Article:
This is fondly dedicated to a “Kanyakumari Evangelist “🙂
Kanyakumari (1974), directed by KS Sethumadhavan based on MT Vasudevan Nair’s screenplay also had a unique pairing onscreen that was never repeated ever – Kamal Haasan with Rita Bhaduri ( NOT to be confused with the younger sister of Jaya Bhaduri), that too in a Malayalam film production! It was her second movie in her career having graduated from the Pune Film Institute in 1973. Zarina Wahab, her batch-mate, however decided to stick with Malayalam films along with her work in Hindi, and even started off paired opposite, guess whom – Kamal Haasan in Malayalam, in Madanolsavam (1978).
This was also Kamal Haasan’s first film in Malayalam in a leading (?) role, after his debut in Kannum Karalum (1961), which again was by KS Sethumadhavan. Kanyakumari (1974) portrays a brief increment in time, centred around the three focii – Kanyakaumari and its enduring myths, the main Rest House of the tourist destination and the vistors to the coastal town who stay there, the squalid tenement of the leading protagonist, Parvati and the events that bind them, riding on sheer chances and coincidences. In a way, as I see it, Kanyakumari is an interesting study of helplessness, sexual and spiritual – of the leading members of the cast pitted against unbridled virility without any morality, and the how destiny addresses each in its own celestial logic.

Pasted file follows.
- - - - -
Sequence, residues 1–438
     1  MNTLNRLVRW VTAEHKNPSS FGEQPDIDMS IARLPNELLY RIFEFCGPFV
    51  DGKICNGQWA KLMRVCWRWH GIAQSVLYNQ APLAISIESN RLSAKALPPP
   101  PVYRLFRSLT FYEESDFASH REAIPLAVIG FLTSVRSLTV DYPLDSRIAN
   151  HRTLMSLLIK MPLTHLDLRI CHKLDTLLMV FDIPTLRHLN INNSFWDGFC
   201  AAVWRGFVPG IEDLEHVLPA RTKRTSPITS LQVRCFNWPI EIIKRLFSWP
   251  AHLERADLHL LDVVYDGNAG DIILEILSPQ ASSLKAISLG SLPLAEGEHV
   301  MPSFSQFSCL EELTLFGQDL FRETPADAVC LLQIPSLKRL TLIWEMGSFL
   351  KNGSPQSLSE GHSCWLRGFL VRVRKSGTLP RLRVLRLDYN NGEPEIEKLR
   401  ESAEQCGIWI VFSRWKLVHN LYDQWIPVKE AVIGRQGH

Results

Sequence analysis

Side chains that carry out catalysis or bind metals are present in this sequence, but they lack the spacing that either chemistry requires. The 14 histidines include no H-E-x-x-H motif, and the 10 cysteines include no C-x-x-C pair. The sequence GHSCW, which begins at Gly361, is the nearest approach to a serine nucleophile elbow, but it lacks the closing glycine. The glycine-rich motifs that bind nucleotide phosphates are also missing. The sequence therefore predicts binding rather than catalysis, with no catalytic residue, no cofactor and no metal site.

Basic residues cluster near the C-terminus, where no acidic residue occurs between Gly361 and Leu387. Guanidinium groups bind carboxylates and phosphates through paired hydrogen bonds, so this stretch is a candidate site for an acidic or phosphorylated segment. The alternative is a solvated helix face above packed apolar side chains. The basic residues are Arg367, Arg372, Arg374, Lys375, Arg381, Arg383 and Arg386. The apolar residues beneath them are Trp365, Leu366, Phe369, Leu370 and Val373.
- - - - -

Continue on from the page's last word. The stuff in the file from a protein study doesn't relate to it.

For a short, tight and almost mystical narrative, I could find only two aspects of the movie, shall I say, incredulous – the dialect used through out the movie and the choice in casting of the main male protagonist . More about this here. The very fact that the legendary duo chose to accommodate / over-ride these two aspects still puzzles me.
The movie begins with a group of local tourists been taken around the Kanyakumari temple, as KS Sethumadhavan almost makes the introduction to a promo reel for the temple. Prominent in the crowd is a young couple, newly married ( a very, very young Jagathy Sreekumar) with all the trappings of any honey mooning lovebirds – the excessive public display of affection, the gadgets ( Jagathy flaunts a TLR camera around his neck) and an overzealousness to please and rib each other. Other than being the “face of this group” – in the bus journey and at the Kanyakumari shore , their personal life do not form part of the main narrative of the movie. Nameless, they depart soon. At the temple, the guide emphatically gestures as he narrates the story, a well-worn tale he knows backwards and inside out. Of how the Devi Parashakthi, smitten by Lord Shiva does penance to win him over, and the gods so moved by her devotion convinces the Lord who becomes a willing groom for the wedding that was to happen at midnight. Lord Siva enroute to the wedding venue is fooled into believing he was late, and that morning had broken, by Lord Indra, who takes the form of a rooster and coos within his earshot. A dejected Lord Siva returns. The enraged bride dumps the wedding feast into the sea, pulls down the festive buntings and decide to stay in penance for ever at Kanyakumari. As the crowd collectively nods, a tiny voice quips, tugging her mother’s saree, “ Ma, but I remember grandpa saying it was Narada and NOT Lord Indra who came as the rooster.” She is promptly asked to shut up.